Initially Care for Dogs considered that Thong Sua might have TvT but today Dr Artron diagnosed that the injury we see now, is the after effect of maggots eating the area of rotting & dying flesh and the original injury was probably a road accident.

Dr Artron removed some stubborn little maggots (seen in the tray on the right of the photo) with the aid of torch & tweezers and after a thorough clean, Thong Sua was bandaged up and prescribed some medication to help him heal his wounds.

Last but by no means least, little Jo Jo made it onto the table and let the vet take a look at her plaster cast. She had been found wandering helplessly and in obvious pain at a temple in Chiang Mai and then rushed to a local vet for treatment. But that’s all we know. How she sustained the fractured leg, how long she had limped around with no help, we will never know.

jojoathome jojo

Weighing heavier than her own body weight, the bandaging, the cotton padding and the ridged plastic cast, must have been a terrific burden to her, these last 3 weeks.

The xray showed that her young bones had knitted together & calcified albeit slightly misshaped and the cast could be removed.

Immediately she put her weight on the leg and was relieved to be able to move about freely.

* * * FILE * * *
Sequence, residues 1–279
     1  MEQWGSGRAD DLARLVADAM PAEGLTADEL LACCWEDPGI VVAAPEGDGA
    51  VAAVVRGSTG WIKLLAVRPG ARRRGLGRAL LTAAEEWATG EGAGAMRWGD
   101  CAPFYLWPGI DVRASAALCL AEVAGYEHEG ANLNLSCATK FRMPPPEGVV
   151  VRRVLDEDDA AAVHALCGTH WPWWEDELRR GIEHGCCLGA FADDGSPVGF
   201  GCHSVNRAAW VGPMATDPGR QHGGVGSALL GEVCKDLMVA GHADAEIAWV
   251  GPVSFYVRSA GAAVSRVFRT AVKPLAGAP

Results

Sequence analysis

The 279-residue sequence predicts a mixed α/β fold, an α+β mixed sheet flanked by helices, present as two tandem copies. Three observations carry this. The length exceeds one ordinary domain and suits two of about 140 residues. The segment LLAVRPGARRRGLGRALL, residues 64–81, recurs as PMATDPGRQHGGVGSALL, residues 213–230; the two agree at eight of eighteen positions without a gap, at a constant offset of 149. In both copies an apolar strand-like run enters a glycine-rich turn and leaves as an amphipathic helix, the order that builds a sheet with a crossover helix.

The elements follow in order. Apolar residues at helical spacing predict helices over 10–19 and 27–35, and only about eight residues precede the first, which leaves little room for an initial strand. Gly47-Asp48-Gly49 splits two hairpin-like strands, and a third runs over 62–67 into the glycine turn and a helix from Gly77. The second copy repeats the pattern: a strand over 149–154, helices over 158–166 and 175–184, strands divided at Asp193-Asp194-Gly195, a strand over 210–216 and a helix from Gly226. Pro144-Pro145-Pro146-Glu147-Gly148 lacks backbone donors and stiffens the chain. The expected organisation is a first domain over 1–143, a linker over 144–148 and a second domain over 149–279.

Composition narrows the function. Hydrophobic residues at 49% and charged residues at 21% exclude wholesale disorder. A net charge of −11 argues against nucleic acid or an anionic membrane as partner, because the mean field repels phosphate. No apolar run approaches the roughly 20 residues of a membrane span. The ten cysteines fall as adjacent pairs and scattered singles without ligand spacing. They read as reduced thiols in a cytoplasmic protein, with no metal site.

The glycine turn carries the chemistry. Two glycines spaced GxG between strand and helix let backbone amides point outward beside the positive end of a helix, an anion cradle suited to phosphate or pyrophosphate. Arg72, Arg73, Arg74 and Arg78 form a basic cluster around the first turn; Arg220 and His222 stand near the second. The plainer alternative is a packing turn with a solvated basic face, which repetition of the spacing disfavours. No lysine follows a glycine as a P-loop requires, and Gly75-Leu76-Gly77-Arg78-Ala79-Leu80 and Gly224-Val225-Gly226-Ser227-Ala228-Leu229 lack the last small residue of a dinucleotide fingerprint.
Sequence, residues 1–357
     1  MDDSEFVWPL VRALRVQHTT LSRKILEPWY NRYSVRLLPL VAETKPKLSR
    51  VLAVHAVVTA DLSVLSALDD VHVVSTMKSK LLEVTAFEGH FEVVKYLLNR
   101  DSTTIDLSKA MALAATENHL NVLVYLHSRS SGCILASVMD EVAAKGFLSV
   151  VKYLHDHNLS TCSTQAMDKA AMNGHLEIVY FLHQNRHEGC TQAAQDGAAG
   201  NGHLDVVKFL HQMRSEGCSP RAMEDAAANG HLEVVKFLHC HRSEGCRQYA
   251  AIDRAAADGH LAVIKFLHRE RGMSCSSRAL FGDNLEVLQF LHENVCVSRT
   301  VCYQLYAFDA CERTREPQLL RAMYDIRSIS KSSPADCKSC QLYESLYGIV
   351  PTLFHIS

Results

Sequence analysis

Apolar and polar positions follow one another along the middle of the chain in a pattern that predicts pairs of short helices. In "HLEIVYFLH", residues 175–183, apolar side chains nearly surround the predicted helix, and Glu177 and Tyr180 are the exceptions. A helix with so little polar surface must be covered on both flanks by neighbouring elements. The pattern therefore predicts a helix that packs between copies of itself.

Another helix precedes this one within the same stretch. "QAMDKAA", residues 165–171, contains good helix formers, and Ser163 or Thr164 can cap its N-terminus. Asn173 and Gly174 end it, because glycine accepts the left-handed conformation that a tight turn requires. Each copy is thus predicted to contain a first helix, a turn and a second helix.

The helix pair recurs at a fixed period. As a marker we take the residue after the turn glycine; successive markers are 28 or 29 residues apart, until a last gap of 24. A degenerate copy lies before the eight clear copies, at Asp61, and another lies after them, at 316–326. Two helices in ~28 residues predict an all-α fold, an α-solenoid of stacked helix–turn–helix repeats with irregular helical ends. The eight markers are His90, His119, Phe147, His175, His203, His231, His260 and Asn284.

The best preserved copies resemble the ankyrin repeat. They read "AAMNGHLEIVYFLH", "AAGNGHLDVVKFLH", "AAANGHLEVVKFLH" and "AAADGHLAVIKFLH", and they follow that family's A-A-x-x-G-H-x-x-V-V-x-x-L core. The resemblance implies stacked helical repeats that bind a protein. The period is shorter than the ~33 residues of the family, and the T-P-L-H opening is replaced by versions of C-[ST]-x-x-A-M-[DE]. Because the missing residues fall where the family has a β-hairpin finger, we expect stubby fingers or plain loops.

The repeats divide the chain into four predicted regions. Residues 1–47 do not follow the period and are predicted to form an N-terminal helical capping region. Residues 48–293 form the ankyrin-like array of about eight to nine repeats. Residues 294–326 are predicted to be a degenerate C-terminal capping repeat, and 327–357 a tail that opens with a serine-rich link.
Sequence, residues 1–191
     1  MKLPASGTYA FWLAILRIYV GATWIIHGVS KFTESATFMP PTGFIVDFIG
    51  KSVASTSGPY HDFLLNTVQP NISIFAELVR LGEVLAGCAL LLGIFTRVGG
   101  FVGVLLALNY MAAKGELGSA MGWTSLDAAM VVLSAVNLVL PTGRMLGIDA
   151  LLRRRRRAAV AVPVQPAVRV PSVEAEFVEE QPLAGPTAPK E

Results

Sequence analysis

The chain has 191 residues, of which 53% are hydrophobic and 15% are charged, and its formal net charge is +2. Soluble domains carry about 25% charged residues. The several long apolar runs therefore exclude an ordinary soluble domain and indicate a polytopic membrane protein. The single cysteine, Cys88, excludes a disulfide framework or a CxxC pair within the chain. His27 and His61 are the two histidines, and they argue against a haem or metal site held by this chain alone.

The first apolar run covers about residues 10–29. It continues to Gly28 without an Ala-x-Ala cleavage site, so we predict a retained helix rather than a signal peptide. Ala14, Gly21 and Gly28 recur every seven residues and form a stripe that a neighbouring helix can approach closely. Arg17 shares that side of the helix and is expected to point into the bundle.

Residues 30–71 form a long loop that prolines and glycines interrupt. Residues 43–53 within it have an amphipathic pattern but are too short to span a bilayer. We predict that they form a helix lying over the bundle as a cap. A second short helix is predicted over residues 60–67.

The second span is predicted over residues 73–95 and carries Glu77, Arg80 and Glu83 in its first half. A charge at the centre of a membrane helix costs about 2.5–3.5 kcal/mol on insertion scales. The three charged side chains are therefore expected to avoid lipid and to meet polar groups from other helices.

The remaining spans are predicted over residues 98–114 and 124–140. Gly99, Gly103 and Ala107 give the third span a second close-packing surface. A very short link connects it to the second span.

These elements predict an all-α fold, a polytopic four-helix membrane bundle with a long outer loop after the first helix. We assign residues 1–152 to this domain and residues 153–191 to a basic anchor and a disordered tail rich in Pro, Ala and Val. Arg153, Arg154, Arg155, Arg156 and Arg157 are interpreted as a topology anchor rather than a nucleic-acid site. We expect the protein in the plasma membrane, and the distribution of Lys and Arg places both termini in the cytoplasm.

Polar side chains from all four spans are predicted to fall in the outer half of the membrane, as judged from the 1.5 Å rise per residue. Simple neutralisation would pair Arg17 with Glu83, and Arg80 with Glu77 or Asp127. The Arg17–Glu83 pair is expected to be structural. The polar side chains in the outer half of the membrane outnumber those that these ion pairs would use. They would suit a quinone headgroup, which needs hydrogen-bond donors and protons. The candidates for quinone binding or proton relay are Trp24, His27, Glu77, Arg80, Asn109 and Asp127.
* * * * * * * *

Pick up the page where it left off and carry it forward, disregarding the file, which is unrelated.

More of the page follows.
jojo3 jojo2

Today’s trip is a fairly simple one to describe and quite light and refreshing to have experienced. My shirt was covered in Sheena’s blood but that didn’t matter, we cuddled and got chatting, I think you could agree, she has a lovely smile 🙂 Here are a couple of photo’s taken a while ago.

sheena2 sheena3

Posted: Monday 26th Jan 2009
Category: Vet Trips
Tagged as: , , , , , , , , , ,

4 Responses »

  1. I know Chiang Mai. I was training Thai Boxing with Teacher O.

    I love dogs, Thank you for helping them. Thank you so much. Thailand needs to take care of them and respect them. A lot needs to done but I am so glad you guys are trying hard and doing it!



  2. If I come back to Chiang Mai, I will pass by to say hi and support.
    Please keep doing your passion. We love dogs and helping them give hope to the world for a better life all together!

  3. I have been out to the shelter many times – my most recent visit was spent mostly de-ticking and scrubbing the Dog Salas – it was great fun and very rewarding. I’m also getting slightly closer to Simba (he is my ultimate conquest!)

    The Dog Fair on Sunday the 24th was a great pleasure to be a part of – so many people stopped and we even had three adoptions. Many people were generous with their donations and a lot of interest was taken by the public in the shelter and where it was and how many dogs etc etc… what a privilege to be part of this great organisation. Well done Cherry for your coordinating and ultimately to Karin for making the whole thing possible. I’ll be there on the 24th!


  4. Sorry – that was meant to be the 9th! not the 24th!


Leave a Comment

Comments may not be seen by CFD staff, so for enquiries please use our contact page.

- We will not publish this